RELEASE DATE MAY 2, 2017
“I thought of that myself,” I said, veering onto a two-lane highway. We were headed into the wilds now. In the short time that Aeval and Titania had established the sovereign nation, it was as though the land had taken new life, with trees and shrubs bursting forth with a massive amount of new growth.
Talamh Lonrach Oll stood at two thousand acres and Aeval had recently put in a bid on another fifteen hundred. The government had ordered a limit of five thousand acres for now, and I had no doubt within a year we’d be at that number. I also had the sneaking suspicion that Aeval and Titania were working magic to push the boundaries on that limit.
As we approached the ten-foot tall silver-plated gates, I could feel the rush of earth energy. The elementals were happy, and the land was thick with life. Cedar and fir abounded, and stands of birch and maple. The Fae had planted an oak grove last year and the trees were springing up so incredibly fast. The ferns were waist high, and huckleberry bushes abounded, along with salmonberry and blackberry brambles and—unfortunately—stinging nettles. Skunk cabbage lined the stream that flowed through the reserve, and hostas and moss covered the ground.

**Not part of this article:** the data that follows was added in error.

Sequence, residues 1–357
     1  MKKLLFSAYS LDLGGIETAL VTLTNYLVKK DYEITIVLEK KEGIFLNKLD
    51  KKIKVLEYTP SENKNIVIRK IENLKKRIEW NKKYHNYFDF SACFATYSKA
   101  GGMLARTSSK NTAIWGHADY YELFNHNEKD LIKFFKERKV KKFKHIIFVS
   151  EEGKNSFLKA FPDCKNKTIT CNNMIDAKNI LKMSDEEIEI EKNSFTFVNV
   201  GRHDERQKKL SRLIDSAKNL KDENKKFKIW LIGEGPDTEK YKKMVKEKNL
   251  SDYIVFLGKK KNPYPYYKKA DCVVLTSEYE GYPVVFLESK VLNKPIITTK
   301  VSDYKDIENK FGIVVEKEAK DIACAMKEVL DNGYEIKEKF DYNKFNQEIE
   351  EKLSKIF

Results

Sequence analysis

No electricity was allowed within the borders of the gates, but magic was rife and energy itself—thick and available. There were plenty of amenities, but they weren’t powered by the outer world. No outsiders were allowed in without good reason, though occasionally Titania and Aeval would host days when guests could apply to visit, and a limited number of passes were granted.
I slowed as we approached the gates. Guards, ten of them, were watching the gate. The Fae militia was deadly and accurate in their aim. The guards motioned for us to pull in. The road curved toward the left, into a large parking lot. There were a number of cars here, most belonging to the Fae who lived on this land. This was as far as motorized vehicles were allowed to go. From here, it was either hoof it on foot or take a horse and carriage.
Speaking of which, there were two carriages waiting, each drawn by a pair of gorgeous horses. Friesians, the horses were a good sixteen hands high, black as the inky night. They were strong and muscled, with a curling mane that rivaled Fabio’s hair. Feathers flowed off the fetlocks, trimmed neatly so it billowed as they ran but didn’t drag on the ground.
Smoky, Morio, and I took one carriage, while Menolly, Delilah, and Vanzir rode in the other. The lack of noise from the outer world—no electrical wires humming, no cars, no televisions or stereos playing—lulled me, calming my nerves. The sound of birdsong still echoed even though dusk had fallen and twilight was nearing. As I leaned back and closed my eyes, the pinpricks of magic skittered over my skin. This was old, deep magic. Fae magic, that saturated the land and everything on it.
Usually, when we came here, we had to borrow the carriage and drive ourselves, but from now on, that would be different. Ever since the proclamation went out about my impending ascent to the throne, I had always found a driver waiting for me, even on the visits where I hadn’t let them know in advance that I was coming.